Kolossi Castle

The land at Kolossi was phenome­nally valuable and produced cotton, wheat, sugar and excellent wines. The development and promotion of wines was actively encouraged by the Hospitallers, and the renowned sweet local red, Commandaria, was produced, taking its name from the Kolossi headquarters.
Military actions over the centuries caused a great deal of damage to the Kolossi castle, making significant renovation work necessary in 1454. Louis de Magnac, the Grand Commander who held the fief during this period, is attributed with the construction of the castle seen today. The coat of arms visible on the castle’s eastern wall is thought to be his.
The castle was built on three levels and is preserved in very good condition. The ground level of the building, which was probably used for storage, is divided into three separate rooms, two of which have water cisterns. The first storey is divided into two large chambers. One, which boasts a large fireplace and was probably the kitchen, also features a large painting depicting the Crucifixion.
Entrance to the first storey is now by a staircase and drawbridge which is not original and was constructed during renovation work in 1933. Access to the upper floors is by a circular stone staircase in the corner of the building. The second storey would have been the residence of the Grand Commander. Consisting of two large rooms each with a large, ornate fireplace, the rooms are well lit and one even features what would have been used as a toilet. The holes in the walls of the upper chamber indicate that a false wooden floor would have been installed in these rooms, probably to provide storage space in an attic. The windows in the room provide impressive views and stone seating.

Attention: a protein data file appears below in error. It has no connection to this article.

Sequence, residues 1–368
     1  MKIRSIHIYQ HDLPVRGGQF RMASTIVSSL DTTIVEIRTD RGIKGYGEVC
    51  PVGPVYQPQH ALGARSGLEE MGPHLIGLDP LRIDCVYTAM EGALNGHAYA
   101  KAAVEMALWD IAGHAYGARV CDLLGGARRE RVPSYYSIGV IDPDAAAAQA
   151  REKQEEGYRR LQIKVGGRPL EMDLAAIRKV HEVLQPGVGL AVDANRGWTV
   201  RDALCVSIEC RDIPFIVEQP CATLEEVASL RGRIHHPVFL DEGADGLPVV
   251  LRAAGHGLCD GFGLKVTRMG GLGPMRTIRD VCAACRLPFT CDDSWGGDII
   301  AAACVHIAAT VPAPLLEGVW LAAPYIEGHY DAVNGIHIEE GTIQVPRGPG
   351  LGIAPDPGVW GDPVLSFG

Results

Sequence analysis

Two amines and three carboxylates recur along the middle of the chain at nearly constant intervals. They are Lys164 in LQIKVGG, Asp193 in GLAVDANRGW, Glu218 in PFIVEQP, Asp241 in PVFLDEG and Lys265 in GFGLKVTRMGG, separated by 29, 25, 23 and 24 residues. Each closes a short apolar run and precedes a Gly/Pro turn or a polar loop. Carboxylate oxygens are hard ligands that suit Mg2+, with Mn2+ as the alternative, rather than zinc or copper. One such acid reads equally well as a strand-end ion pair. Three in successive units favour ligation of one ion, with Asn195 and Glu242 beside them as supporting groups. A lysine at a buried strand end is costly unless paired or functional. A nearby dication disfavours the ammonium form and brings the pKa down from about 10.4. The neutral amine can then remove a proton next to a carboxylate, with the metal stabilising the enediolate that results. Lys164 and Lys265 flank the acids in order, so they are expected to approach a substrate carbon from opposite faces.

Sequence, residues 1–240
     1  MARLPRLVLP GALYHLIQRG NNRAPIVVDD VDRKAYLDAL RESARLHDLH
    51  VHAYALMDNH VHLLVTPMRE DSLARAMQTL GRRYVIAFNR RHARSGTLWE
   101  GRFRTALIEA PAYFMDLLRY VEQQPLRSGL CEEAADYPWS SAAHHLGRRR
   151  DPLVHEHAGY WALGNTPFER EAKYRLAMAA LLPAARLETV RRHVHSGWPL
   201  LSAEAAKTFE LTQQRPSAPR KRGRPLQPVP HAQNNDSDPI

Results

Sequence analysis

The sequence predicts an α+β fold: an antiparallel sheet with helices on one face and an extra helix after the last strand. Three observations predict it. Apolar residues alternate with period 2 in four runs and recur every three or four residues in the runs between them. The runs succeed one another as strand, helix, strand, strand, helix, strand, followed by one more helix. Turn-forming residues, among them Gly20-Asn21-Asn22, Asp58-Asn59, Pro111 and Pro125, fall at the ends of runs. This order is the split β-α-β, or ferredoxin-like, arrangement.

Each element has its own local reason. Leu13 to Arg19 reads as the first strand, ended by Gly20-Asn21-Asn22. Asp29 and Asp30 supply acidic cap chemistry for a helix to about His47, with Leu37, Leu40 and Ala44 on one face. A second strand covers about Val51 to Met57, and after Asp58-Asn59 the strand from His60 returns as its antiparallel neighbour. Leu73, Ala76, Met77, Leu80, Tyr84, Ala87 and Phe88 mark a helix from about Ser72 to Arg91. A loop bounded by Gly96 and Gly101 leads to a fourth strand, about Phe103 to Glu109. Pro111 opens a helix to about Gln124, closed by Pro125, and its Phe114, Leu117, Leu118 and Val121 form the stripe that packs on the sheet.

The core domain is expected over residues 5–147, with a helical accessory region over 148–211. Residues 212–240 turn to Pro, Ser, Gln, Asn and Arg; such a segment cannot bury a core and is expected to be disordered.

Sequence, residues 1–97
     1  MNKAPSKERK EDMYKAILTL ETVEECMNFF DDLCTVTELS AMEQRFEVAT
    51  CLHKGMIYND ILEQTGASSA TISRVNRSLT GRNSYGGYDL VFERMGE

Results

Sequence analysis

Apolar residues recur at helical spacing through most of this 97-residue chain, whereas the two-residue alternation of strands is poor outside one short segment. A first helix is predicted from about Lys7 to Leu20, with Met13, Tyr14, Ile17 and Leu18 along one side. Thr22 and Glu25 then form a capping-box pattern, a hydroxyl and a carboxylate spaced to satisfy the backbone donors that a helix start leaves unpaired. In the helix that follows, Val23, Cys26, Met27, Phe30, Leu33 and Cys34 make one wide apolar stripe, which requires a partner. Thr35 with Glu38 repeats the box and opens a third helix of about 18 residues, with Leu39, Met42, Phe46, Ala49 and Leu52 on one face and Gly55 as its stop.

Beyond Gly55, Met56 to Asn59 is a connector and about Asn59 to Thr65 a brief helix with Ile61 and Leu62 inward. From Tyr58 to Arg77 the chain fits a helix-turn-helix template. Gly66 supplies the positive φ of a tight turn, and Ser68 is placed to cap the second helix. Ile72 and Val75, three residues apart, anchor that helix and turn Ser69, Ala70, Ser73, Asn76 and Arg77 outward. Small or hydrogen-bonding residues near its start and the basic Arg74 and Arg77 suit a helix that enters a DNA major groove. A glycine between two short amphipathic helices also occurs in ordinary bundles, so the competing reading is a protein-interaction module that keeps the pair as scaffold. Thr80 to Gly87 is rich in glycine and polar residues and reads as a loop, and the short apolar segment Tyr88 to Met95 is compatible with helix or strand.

From the second storey, the staircase leads up to the roof, which has restored battlements on each of its four sides. The rooftop provides spectacular views over the surrounding countryside and it is easy to imagine soldiers lined up over the scalding ready to defend their castle by tipping the contents of a boiling cauldron onto the attackers below.
From the roof of the castle, one can see the ruins of the old sugar cane mill and sugar factory near by. Sugar cane plantations were vitally important to the wealth of Cyprus until the 16th century and large areas were given over to their development. While Cyprus sugar was sold to many foreign merchants, the majority was exported to Venice. With such extensive sugar cane plantations all around, Kolossi also boasted a sugar cane mill and a sugar refinery, which belonged to the House of Martini of Venice. The mill dates from the 14th century and its remains can be seen today.
The discovery of America and the subsequent cultivation of sugar cane in the New World led to the gradual decline of sugar production in Cyprus. Cotton production would slowly take over and writers from the 17th century speak of sugar cane crops turned over to cotton.
Also located near to Kolossi Castle is the small Byzantine church of Saint Efstathios, built during the 12th century, significant redevelopment work took place in the 15th century to create the building we see today. Inside, the dome of the church features well ­preserved paintings, while another wall painting portrays St Efstathios, astride his horse.
Kolossi Castle and its surround­ings is a fascinating place to visit and a wonderful opportunity to get a feel for how life would have been in medieval times. A stroll around the grounds and through the well-preserved rooms of the castle itself, makes it easy to imagine yourself transported back to the years of Richard the Lionheart and the days when the area was a centre of eco­nomic prosperity.